By Sophie Ludewigs, Jonas Narchi, Lukas Kiefer and Eva C. Winkler.
It is rare to return from a visit at the doctor’s office or a clinic and feel informed to a satisfactory degree. In many cases, one will either feel completely overwhelmed by the amount of medical information and the professional lingo used, or, on the other hand, left with lots of open questions about the procedure and its possible outcomes. To a certain degree, that is to be expected: Patients’ informational and decision-making preferences differ significantly. While some patients want to know even the smallest detail, others prefer to know as little as possible and would like to leave the medical decision in the (hopefully) capable hands of the physician. So why shouldn’t the informed consent process mirror these differing preferences? In our recent article, we argue that informed consent should be rethought in light of the individual patient’s preferences and the unique physician-patient relationship of trust. We call this fiduciary informed consent.
The physician-patient relationship has been considered fiduciary in nature ever since Beauchamps’ and Childress’ famous account of medical ethics. Yet, the fiduciary nature has never been grounded in an ethical foundation, thus making it difficult to derive normative consequences from it. Everyone agrees that the physician-patient relationship is fiduciary, but it remains unclear what exactly that means and why it is the case.
Drawing on the phenomenological accounts of mutual trust and obligation by Lévinas and Løgstrup, we have developed an ethical fiduciary theory and combined it with theories of informed consent. As a result, we propose an ethical fiduciary theory that allows physician and patient to jointly determine the physician’s role on a spectrum from, what we call, the “fiduciary as advisor” to “fiduciary as agent”. If the patient prefers an active role, the physician serves primarily as an advisor, providing the necessary information to enable the patient’s decision-making. If the patient desires a more reliant role, the physician becomes more of an agent, not only providing information, but also offering concrete suggestions.
Conceptualizing informed consent in a fiduciary framework, thus, simultaneously allows for a greater and lesser degree of delegation. Given this choice, the fiduciary concept empowers patients to decide for themselves to what extent they want to exercise their autonomous decision-making capacity and whether they want to delegate certain parts of the decision to the physician.
Simply put: The best way to make sure that a patient is sufficiently informed and gives an informed consent that actually deserves to be called “informed” and “consent” is to ask them how much they want to know about a treatment. Such personalized or, in our terminology, fiduciary informed consent is not merely an abstract theory. It changes the informed consent process profoundly.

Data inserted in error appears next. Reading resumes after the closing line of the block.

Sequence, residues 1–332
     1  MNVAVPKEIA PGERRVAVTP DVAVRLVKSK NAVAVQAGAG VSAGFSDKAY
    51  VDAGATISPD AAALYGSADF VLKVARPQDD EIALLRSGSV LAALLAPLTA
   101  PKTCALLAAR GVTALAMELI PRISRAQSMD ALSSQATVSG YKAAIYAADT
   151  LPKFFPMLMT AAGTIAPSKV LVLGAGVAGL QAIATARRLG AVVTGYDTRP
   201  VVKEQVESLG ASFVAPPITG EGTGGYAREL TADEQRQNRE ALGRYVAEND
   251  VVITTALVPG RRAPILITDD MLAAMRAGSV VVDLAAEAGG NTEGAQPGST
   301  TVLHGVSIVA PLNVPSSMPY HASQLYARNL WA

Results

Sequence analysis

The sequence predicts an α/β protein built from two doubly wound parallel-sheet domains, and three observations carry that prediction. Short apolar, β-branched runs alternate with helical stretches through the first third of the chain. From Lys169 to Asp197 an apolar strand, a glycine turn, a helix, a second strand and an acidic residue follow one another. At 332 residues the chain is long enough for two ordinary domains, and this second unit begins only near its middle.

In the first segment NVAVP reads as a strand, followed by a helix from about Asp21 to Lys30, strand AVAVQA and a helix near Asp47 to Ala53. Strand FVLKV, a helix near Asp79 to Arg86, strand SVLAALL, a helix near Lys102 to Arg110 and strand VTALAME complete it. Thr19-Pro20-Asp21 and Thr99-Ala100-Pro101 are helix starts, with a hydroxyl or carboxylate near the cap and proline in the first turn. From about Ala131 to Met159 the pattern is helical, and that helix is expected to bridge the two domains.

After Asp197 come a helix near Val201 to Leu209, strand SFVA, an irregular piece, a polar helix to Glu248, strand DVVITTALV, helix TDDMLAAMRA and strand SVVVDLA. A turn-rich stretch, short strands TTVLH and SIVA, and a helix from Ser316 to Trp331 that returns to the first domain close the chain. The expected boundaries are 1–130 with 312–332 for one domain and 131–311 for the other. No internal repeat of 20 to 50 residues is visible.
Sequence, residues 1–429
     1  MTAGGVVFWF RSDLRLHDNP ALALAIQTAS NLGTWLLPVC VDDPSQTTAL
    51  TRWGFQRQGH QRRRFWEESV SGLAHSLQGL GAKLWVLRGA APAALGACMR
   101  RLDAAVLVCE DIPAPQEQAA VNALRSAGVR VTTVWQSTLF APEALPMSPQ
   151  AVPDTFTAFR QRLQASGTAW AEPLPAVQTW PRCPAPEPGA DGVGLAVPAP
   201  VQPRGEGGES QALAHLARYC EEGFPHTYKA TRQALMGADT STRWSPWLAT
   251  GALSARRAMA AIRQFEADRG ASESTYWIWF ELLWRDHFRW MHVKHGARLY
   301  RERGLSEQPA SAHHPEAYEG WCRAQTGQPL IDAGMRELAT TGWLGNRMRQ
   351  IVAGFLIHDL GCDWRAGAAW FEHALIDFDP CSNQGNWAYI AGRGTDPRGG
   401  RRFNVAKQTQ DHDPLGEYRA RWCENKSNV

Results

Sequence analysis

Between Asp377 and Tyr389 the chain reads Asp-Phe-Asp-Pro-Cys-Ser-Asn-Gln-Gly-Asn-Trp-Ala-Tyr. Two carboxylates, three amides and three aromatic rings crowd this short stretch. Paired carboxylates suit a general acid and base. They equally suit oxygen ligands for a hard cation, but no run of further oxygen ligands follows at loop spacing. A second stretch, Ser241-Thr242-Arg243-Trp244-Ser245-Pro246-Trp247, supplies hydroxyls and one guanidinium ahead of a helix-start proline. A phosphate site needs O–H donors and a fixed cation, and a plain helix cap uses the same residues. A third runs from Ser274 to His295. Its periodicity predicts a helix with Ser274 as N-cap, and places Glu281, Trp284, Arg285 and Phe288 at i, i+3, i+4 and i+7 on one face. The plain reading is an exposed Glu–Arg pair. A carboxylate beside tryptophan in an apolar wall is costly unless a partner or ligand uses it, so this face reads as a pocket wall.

First, we propose the introduction of a preliminary conversation where the patient’s values and preferences are assessed. The preliminary conversation is designed as a brief high-level discussion that first establishes the treatment relationship. It should convey the importance that personal preferences bear on medical decision-making and provide an opportunity for the patient to share such preferences and values with their physician.
In a second step, the consent interview and material must be adapted to the patient’s individual needs. To achieve this, the consent interview should distinguish between decisions about ends and means and highlight all value-laden decisions. Obviously, the patient must be informed about the ends of a treatment and possibly choose between different ends, such as quality of life vs. length of life. While such decisions are highly dependent on individual values, the employed means are often less value-dependent and can be delegated more easily. But as the example of blood transfusions illustrates, there can indeed be medical means that touch on a patient’s – in this case religious – values. The fiduciary theory honors the patient’s autonomy and thus forbids the delegation of any decision that is dependent on the patient’s values, even in cases where the patient prefers to know as little as necessary.
The reorganization of the consent interview should reflect how important information is and how much of it can(not) be left out. Similarly, the written consent material should be reorganized into three distinct sections, the first section containing basic information about ends; the second highlighting value-laden decisions about means and the third listing value-neutral decisions about means, stating information about their risks (beginning with the most common and severe risks).
These changes to the informed consent process guarantee that the extent to which patients are willing to entrust their responsibility to the physician remains their choice. They also open up the way to rethink other areas of medical ethics in light of the fiduciary nature of the physician-patient-relationship.
Authors: Sophie Ludewigs1, Jonas Narchi2, Lukas Kiefer2, Eva C. Winkler2
*Jonas Narchi and Sophie Ludewigs contributed equally to the manuscript as first authors.
1 Institute for German and European Corporate and Business Law, Faculty of Law, Heidelberg University, Heidelberg, Germany.
2 Section for Translational Medical Ethics, Department of Medical Oncology, National Center for Tumor Diseases, Heidelberg University Hospital, Heidelberg, Germany.
Competing interests: None
Social media accounts of post author(s): @EWinklerTME